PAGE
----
A Historical Association and University of Plymouth history department talk.
Dr Anderson’s talk will explore the historical connections between Cornwall and Devon and the history of the trans-Atlantic slave trade and the African Diaspora. Beginning with the African presence in South West England from the 16th Century onward, it will look at Plymouth’s role in the foundation of the British slave trade and the interconnectivity of South Western ports, West Africa and the Americas. The talk will consider Cornwall and Devon’s connections with both the histories of slavery and abolition. How did residents in both counties mobilise in the late 18th Century to petition for the abolition of the British slave trade? Who benefited from the £20 million in compensation, paid by British taxpayers to the former slave-owners, which made colonial abolition possible in 1833? Finally, how is this history commemorated today in light of current debates about the legacies of Britain, Africa, and trans-Atlantic slavery?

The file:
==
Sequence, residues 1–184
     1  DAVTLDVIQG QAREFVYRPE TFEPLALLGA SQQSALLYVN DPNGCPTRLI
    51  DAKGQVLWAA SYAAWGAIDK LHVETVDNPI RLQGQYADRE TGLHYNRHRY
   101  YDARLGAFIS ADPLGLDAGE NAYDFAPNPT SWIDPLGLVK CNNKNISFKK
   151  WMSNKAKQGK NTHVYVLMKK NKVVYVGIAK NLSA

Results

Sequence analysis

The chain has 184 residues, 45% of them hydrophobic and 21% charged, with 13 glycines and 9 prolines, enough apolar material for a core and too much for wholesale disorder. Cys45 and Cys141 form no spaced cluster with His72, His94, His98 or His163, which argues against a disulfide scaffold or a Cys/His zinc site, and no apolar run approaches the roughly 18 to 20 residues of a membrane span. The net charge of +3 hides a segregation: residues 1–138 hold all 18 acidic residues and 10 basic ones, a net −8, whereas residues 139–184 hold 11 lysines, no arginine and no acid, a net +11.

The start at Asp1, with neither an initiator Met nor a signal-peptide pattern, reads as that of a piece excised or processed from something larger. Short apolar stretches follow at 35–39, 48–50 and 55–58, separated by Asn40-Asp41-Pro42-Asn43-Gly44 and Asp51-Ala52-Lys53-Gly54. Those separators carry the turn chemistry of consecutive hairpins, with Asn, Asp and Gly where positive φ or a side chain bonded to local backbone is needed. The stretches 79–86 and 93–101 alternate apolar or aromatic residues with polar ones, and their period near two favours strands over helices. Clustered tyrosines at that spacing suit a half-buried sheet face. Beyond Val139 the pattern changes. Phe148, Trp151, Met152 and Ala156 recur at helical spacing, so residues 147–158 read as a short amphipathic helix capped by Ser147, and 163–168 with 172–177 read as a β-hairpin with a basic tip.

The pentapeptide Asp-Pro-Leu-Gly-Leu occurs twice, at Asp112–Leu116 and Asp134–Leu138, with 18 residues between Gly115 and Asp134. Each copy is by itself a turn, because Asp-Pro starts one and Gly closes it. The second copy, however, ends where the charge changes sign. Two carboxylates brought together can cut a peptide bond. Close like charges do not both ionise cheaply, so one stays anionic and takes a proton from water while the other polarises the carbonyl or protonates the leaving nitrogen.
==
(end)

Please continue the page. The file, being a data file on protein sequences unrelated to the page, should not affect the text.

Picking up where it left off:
Richard is a lecturer in Colonial and Post-Colonial History and his research on aspects of black history has focused on West Africa, various parts of the New World, slavery, emancipation and more recent events. His recent book, Abolition in Sierra Leone: Re-Building Lives and Identities in Nineteenth-Century West Africa (Cambridge University Press), contributes to British anti-slavery writing in a new way, emphasising the ‘linkages between emancipation, colonisation and identity formation in the Black Atlantic’.
Date: 20 October 2020
Free to access online – book your place
This event will be run through Zoom Webinar. Once you have booked your place you will receive a link to access this event online, please join the call via the link provided 5 minutes before the event begins.
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